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  1. Topspinner is offline
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    #1

    Table tennis and strength training

    Beside tt I also want to train with weights in the fitness center. I don't want to get slower how can I prevent this?

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    #2
    Try doing some fitness training or cross fit

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    #3
    Just do it, you won't get slower just because you start with weight training now. If anything, the fitness training will improve your table tennis opportunities.

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    #4
    Low to moderate weight with high reps slows you down less than high weight does.

    Things like squats and leg presses will help your game. Using dumbbells with small or moderate weight should not affect things too much. Heavy weight with low reps, like bench pressing a weight that is heavy enough that you fail at 5 or 6 reps will slow you down. But, that is still good for you.


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    #5
    Carl is right, for table tennis you want to work in rep ranges between 10-12 reps for compound movements such as bench press, squatting etc.. As this will create a good base level strength and build a bit of muscle mass without slowing you down. If you fail a weight before the 8th rep definitely decrease the weight. Have 2-3 minutes between sets. For cardio high intensity interval training is probably the best way to go as this replicates a table tennis match. No need to run for hours non stop as this is a different type of cardio and won't transfer as well to table tennis. Get a bit of core/abdominal work in as well if you can. Things like sit ups and planks will help with this.

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  6. UpSideDownCarl is offline
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    #6

    Table tennis and strenght training

    Quote Originally Posted by Thomas Jeffcott
    Carl is right, for table tennis you want to work in rep ranges between 10-12 reps for compound movements such as bench press, squatting etc.. As this will create a good base level strength and build a bit of muscle mass without slowing you down. If you fail a weight before the 8th rep definitely decrease the weight. Have 2-3 minutes between sets. For cardio high intensity interval training is probably the best way to go as this replicates a table tennis match. No need to run for hours non stop as this is a different type of cardio and won't transfer as well to table tennis. Get a bit of core/abdominal work in as well if you can. Things like sit ups and planks will help with this.
    This is top quality info. And to add to it:

    Side plank work strengthens the outer hip and sides of the body/abdomen in a way that directly impacts your looping power because it works the same muscles that really need to kick in for a loop.


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    Last edited by UpSideDownCarl; 07-05-2016 at 09:47 PM.
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    #7
    I've found isometrics, like holding onto a moderately heavy barbell at waist level or holding a pull up with added weight to be useful. For all I know it's placebo effect when it comes to strokes, but it should help for endurance at least. I think penholders would like anything relating to grip strength.

    I also like medium weight for 10 reps with as explosive a rep as you can and a slow return. Rows are pretty good for this. Just beware that it will build some mass: like people don't need stronger and bigger shoulders anyway with all the chest bias tightness.

    These shouldn't cause considerably muscle mass gain like you get from doing hyperthropy exercises ie: 6 - 8 reps. I think you'd need to work pretty hard with a mass building routine to get to the point where you're actually just adding bulk.

    Muscle mass is useful to a point, and you do need some to be able to swing hard. Apparently guys like Ma Long, Wang Liqin and Dima have huge arms in person, and I don't doubt it.

    I know some people who gain absolutely huge mass from some leg exercises done in some ways, so they can't do those because they'll seriously bulk up for no reason. Quirks like that are up to you to find out about, but you'll probably only run into them if you're really advanced and lifting quite heavy weight.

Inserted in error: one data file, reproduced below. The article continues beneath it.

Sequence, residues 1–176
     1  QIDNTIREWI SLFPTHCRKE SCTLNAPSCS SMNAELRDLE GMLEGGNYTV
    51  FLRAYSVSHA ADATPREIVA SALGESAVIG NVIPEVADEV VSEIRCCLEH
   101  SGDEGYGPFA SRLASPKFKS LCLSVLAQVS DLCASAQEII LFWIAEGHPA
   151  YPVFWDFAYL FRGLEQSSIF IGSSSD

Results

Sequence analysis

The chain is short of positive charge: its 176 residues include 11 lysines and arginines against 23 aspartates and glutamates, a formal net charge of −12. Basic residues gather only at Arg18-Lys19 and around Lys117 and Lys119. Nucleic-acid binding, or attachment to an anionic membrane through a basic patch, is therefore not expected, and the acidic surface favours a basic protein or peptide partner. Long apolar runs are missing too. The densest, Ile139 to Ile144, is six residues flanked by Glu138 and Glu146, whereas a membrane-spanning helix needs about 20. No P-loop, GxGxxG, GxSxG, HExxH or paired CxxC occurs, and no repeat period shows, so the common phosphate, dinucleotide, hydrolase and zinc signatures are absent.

@UpSideDownCarl

    I've made it a habit to begin and end all my workouts with at least a 1 min plank no matter what, and it's added up over the year or so.

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    #8
    Great advice above, but I think incorporating some big weight / low rep work as well. Big weights for low reps will increase your speed on power movements. You're going to put on more mass working out in the 8-12 range than in the 4-6 range. But don't jump into any weightlifting routine where you're failing at 5-6 reps... injury waiting to happen. Start off aiming for 8-12 reps and work your way down. Go hard on the concentric motion and don't concentrate on the eccentric motion. In other words, for a bench press for example, go hard on the way up and on the way down just control it but do not go slow on the way down. The eccentric motion is just for hypertrophy (getting bigger) and that's not what you want. You want to train your nervous system to put more input to the muscles, and that means big weight moving fast. Well, as fast as big weight can move. If you're pushing full force, you're forcing your brain to put more neural input to the muscle, and this is what you need for quick motions. For table tennis, I'd venture to say legs and abs (especially obliques) will be your bread and butter.

    Muscle endurance is going to play a big factor since tournaments can go on for a long time, and even slight muscle fatigue will really affect your game after an hour or so. That's where side planks and the like come in.

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    #9
    Quote Originally Posted by Mtcollins
    Great advice above, but I think incorporating some big weight / low rep work as well. Big weights for low reps will increase your speed on power movements. You're going to put on more mass working out in the 8-12 range than in the 4-6 range. But don't jump into any weightlifting routine where you're failing at 5-6 reps... injury waiting to happen. Start off aiming for 8-12 reps and work your way down. Go hard on the concentric motion and don't concentrate on the eccentric motion. In other words, for a bench press for example, go hard on the way up and on the way down just control it but do not go slow on the way down. The eccentric motion is just for hypertrophy (getting bigger) and that's not what you want. You want to train your nervous system to put more input to the muscles, and that means big weight moving fast. Well, as fast as big weight can move. If you're pushing full force, you're forcing your brain to put more neural input to the muscle, and this is what you need for quick motions. For table tennis, I'd venture to say legs and abs (especially obliques) will be your bread and butter.

    Muscle endurance is going to play a big factor since tournaments can go on for a long time, and even slight muscle fatigue will really affect your game after an hour or so. That's where side planks and the like come in.